SINGAPORE - Ng Teng Fong General Hospital has completed a pilot for a new system that allows respiratory therapists to monitor the condition of patients on oxygen therapy via ventilator in its general wards and respond more quickly to any issues.
The idea was sparked by the hospital's intensive care medicine team about 20 months ago, when it saw how the Covid-19 pandemic had severely strained healthcare resources and expertise globally, especially for respiratory-related intensive care services.
Dr Faheem Ahmed Khan, head and senior consultant of the hospital's intensive care medicine team, said: "When we had to evolve our care with the ongoing pandemic, we saw the opportunity to innovate and came up with this unique process using the existing infrastructure and equipment."
The new system mitigates demand on intensive care unit (ICU) manpower and beds during a pandemic, as non-Covid-19 patients who require non-invasive ventilation (NIV) can be moved to general wards. NIV provides patients with pressurised air concentrated with oxygen via masks to help them breathe.
Respiratory therapists, who are usually based in the ICU, can monitor the condition of patients on oxygen therapy via ventilator in its general wards.
Resident physician Nikhil Gautam added: "In the event that there is a big surge (in Covid-19 cases) and all the ICU beds are filled up, this remote monitoring process will give us the confidence and assurance of being able to monitor patients who may require NIV therapy."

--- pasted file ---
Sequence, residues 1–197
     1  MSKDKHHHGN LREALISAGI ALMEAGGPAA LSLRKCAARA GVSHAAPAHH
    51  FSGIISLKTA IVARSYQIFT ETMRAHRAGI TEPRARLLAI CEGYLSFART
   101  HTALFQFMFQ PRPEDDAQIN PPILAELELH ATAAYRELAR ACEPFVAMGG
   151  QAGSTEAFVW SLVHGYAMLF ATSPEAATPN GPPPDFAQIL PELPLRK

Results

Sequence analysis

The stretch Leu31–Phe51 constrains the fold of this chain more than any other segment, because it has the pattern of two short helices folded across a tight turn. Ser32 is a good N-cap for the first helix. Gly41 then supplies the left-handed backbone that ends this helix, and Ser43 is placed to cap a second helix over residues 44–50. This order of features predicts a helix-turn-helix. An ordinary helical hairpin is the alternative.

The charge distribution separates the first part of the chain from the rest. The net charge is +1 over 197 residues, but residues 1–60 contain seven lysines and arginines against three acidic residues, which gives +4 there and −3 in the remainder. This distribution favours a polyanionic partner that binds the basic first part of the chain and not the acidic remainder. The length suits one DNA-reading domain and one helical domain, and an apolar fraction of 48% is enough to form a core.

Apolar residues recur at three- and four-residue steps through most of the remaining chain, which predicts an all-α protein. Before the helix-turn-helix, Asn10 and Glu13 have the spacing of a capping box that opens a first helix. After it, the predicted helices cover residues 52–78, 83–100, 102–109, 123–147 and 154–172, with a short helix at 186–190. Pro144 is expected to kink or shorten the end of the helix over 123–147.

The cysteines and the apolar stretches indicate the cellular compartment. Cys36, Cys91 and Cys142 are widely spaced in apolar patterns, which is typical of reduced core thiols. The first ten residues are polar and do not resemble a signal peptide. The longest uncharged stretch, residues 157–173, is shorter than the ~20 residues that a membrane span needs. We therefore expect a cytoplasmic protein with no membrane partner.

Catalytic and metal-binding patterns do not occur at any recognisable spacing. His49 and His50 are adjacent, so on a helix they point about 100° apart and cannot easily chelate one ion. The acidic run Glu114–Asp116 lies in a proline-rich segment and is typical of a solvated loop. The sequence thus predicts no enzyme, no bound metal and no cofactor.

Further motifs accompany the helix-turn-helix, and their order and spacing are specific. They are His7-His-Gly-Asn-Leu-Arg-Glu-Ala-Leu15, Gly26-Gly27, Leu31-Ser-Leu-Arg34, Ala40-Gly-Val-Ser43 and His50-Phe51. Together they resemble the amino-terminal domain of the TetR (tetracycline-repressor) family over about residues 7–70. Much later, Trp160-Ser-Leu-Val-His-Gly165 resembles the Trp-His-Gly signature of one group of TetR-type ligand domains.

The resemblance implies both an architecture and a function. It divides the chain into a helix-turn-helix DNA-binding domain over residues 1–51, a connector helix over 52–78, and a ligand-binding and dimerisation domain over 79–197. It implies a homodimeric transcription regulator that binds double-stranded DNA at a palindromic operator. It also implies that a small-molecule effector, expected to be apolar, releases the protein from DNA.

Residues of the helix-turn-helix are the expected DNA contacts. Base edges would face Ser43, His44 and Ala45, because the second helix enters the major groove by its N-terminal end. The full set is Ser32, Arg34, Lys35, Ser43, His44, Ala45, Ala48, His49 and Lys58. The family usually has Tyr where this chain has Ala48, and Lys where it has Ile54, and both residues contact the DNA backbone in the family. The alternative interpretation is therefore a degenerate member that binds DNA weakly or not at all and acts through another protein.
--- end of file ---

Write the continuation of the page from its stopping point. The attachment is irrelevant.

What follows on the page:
The trial - involving 21 patients on NIV - was conducted by Dr Khan, Dr Gautam and head of respiratory therapy Ian Cendana, together with a multi-disciplinary team of respiratory therapists and nurses.
Patients' vitals - such as their pulse rate and oxygen level - and ventilator data are monitored simultaneously. The system triggers an alarm in six pre-determined situations on the ventilator, such as if it detects deterioration in patient conditions or technical issues like "power disconnect" or "oxygen disconnect".
Respiratory therapists would be alerted with an SMS, e-mail and on their computer dashboard. They can remotely review the patient's vital signs and ventilator data, sent to their mobile devices or computers over wireless data transfer, and call the ward nurse to resolve the situation or go to the ward if necessary.
This system enhances patient safety, as it allows early detection of any issues, and also improves operational efficiency at the hospital.
Respiratory therapist Tan Si Lea said that it cut down reaction times from the five to 15 minutes to under two minutes, and also eased respiratory therapists' workloads.
Under current protocols, a general ward nurse who notices any issues has to telephone the respiratory therapist in the ICU, who may then go to the ward to assess the situation and take action. The respiratory therapist may escalate the case to ICU doctors if the patient's condition deteriorates.
The team documented a total of 95 instances where the alarm was triggered, and the subsequent actions taken by the respiratory therapists and nurses.
Among these were seven instances where they captured acutely deteriorating conditions in patients and were able to provide intervention efficiently.
There were also many other episodes where the respiratory therapists were able to detect issues early and prevent the patients' condition from further deteriorating.
The hospital plans to roll out this new system in April next year. In the meantime, the team is moving to the next stage of the trial, to further improve the system, Dr Gautam said.
This includes creating an app to improve the two-way communication between the respiratory therapists and the nurses in the ward. They are also exploring using the monitoring system to track a patient's respiratory rate, and may expand its use to suitable patients in the community.